How I set up new machines | Setting ssh keys and shell

Updated on: April 2, 2020 · 4 mins read
Categories: discuss   | programming   | webdev   | career |

Losing access to your ssh key is one of the most dreadful situations for a developer. You will spend your full day creating the new ssh key getting the access to all machines back after you create this new ssh key.

How I set up new machines

Creating a config for handling access to all the boxes

Working from my current company, I have access to a lot of boxes(EC2s). I have created a sample config file so that I keep which key is being used to access that particular box.

You can add something like this to your ~/.ssh/config file.

Host stage
    User ubuntu
    HostName 10.X.X.X
Host stage-job-box
    User ubuntu
    HostName 172.X.X.X
    IdentityFile ~/new.pem
Host my-project
    User ubuntu
    HostName 13.X.X.X
Host my-project-jobs
    User ubuntu
    HostName 3.X.X.X
By default, it uses id_rsa.pem file to connect to the boxes unless you specify other IdentityFile with the path of the private key file.

Finally, you can ssh into the boxes using the command,

ssh stage

There are a lot of options which you can use to power this config file. Let me know in the comments section what other options you use.

Prologue (I have been using the same ssh key since this long)

I have been using the same ssh key for a while now. In between this time, I have faced a few challenges of changing jobs, SSD crashing a few times some random issues.

Even after all those situations, the ssh key that I have used has never changed.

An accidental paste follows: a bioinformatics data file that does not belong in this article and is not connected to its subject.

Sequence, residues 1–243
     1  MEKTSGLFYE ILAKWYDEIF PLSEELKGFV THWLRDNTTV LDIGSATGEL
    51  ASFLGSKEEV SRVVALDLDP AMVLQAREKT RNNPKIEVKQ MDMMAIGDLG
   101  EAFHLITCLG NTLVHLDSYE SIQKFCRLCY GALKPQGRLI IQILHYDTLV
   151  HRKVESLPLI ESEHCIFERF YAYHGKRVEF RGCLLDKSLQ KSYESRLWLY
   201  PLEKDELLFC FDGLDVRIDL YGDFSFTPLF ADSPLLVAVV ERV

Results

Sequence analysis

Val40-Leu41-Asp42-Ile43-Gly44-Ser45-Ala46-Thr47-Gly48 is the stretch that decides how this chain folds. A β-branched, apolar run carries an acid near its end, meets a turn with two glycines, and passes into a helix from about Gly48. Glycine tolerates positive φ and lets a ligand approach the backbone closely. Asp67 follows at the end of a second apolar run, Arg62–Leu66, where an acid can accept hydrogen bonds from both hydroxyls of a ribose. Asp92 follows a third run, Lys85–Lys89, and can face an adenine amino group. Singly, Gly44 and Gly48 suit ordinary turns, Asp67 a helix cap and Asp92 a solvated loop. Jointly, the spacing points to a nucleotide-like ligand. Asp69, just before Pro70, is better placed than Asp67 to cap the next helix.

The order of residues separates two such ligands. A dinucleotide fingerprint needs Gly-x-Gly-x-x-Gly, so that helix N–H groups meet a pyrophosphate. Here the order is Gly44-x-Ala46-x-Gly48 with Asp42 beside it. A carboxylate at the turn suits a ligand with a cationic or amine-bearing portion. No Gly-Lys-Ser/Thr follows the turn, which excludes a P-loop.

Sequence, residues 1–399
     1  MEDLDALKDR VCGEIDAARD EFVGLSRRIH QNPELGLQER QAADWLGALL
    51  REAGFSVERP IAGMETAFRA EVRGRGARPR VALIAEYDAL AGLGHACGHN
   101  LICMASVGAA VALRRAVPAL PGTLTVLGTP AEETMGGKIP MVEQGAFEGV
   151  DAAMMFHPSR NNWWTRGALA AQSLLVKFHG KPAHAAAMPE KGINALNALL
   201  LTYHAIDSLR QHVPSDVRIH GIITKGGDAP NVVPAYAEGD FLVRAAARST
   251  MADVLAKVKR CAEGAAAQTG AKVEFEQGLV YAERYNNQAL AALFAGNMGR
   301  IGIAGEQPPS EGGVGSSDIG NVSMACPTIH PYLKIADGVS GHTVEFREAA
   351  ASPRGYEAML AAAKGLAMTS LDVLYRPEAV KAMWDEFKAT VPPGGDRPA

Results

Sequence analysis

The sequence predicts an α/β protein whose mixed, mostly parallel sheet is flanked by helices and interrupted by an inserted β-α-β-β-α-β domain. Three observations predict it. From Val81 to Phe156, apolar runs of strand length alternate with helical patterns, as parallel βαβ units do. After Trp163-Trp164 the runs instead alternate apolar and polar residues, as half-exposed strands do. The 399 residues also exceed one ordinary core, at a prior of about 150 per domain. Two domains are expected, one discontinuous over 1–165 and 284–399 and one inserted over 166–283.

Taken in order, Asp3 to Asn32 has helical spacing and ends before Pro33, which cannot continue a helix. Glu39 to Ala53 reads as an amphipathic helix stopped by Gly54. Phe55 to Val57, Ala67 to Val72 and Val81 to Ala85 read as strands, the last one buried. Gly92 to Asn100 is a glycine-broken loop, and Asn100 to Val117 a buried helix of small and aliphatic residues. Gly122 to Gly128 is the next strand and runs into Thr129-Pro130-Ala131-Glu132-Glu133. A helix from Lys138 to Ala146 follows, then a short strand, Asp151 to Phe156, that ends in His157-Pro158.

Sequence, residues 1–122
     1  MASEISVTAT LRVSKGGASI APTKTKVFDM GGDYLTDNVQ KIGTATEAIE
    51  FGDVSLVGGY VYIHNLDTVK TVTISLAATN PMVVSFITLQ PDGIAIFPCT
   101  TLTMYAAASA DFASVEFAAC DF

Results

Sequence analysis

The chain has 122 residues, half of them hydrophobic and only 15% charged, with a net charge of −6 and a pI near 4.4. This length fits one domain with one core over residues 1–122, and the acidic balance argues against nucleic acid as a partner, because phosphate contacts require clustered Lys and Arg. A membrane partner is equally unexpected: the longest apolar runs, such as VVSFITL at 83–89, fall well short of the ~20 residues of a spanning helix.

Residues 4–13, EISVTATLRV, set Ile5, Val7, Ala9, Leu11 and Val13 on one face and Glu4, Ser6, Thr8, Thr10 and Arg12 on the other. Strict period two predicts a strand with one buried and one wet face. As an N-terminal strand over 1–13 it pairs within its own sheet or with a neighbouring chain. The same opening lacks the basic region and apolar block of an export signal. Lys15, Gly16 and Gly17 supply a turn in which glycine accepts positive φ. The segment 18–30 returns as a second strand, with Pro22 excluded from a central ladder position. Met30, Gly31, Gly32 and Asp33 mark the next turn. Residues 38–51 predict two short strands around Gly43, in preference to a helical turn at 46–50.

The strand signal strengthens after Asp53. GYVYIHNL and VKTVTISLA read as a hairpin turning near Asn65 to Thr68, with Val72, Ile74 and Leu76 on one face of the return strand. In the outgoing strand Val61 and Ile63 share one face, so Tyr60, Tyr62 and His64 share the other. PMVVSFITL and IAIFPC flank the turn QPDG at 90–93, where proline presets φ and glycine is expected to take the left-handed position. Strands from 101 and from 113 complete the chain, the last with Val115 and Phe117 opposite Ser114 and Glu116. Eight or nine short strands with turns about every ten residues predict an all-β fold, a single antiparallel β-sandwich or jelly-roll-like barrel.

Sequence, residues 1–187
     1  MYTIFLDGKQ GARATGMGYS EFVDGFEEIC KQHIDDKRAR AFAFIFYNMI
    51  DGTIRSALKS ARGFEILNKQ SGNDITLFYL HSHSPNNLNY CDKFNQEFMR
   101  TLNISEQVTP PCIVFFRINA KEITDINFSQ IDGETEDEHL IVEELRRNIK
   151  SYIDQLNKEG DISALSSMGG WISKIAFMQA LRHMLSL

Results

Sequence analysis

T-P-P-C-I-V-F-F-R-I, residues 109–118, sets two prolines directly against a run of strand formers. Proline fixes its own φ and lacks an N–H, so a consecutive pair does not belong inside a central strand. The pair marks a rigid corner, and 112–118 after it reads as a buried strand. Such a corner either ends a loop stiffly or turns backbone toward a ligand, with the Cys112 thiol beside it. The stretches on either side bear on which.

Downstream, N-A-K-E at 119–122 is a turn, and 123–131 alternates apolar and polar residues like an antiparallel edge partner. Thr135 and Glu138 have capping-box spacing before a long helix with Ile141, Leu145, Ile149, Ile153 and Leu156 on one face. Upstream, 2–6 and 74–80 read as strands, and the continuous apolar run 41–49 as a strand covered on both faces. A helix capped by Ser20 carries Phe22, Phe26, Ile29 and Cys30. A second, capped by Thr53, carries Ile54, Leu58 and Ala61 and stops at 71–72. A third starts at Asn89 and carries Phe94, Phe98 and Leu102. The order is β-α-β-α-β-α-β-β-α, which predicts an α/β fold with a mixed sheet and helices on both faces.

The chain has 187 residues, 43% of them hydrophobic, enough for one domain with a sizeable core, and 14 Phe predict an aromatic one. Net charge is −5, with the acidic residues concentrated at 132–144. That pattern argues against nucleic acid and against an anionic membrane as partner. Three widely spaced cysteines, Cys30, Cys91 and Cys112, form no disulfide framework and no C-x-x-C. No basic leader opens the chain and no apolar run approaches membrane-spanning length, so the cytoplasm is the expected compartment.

How I have been using the same ssh key?

So, I have an old laptop that I keep at my place which contains the ssh key which I use for almost all the purposes.

Note: We do have one more layer of security which involves VPN being connected to connect every box related to my current organization.

Whenever I get a new machine, I get back to the same machine and ssh into this old machine and get all of the required data from that machine using a combination of ssh and scp(Secure Copy).

Allowing ssh into Ubuntu Device

For sshing into any machine, you need to open the port 22 of that machine. As that machine is a ubuntu machine,

The simplest way is to install OpenSSH onto the Ubuntu machine. Use the following command in Ubuntu.

sudo apt install openssh-server -y

While in the ubuntu machine try to run ifconfig to find out the IP of the machine on which you are on. Make sure that both of the machines are on the same wifi.

Once you are get the IP of the machine that you are looking for, find the scp command that suites you. One of my friend has written a good post for SCP commands. We will use one of those commands to get the file from that machine to my machine.

scp [email protected]:~/Desktop/ranvir.png ~/Desktop/.

SCP files using another device

This will get the file from the given machine and dump the file in the Desktop directory.

Allowing ssh into MAC machine

Something similar is applied to MAC devices as well. For allowing ssh into MAC devices you have to allow remote login on the device which you want to access. You can find the setting in preferences -> sharing.

Allowing remote login in MAC

After this, you can ssh into the machine and scp into the new device to get the required files.

Getting a combination of iTerm and zsh

I have a MAC machine for development and love to use iTerm and zsh for powering my shell.

Their command completion is very useful while programming and help us find the commands more easily.

You can directly download iTerm from their website.

ZSH is used to provide good visual touch to your system. I love the default shell theme they provide. Currently, you use the software by downloading using wget or curl.

Head to their website for more details.

zsh also adds some git aliases, which makes your life far easier as a developer.

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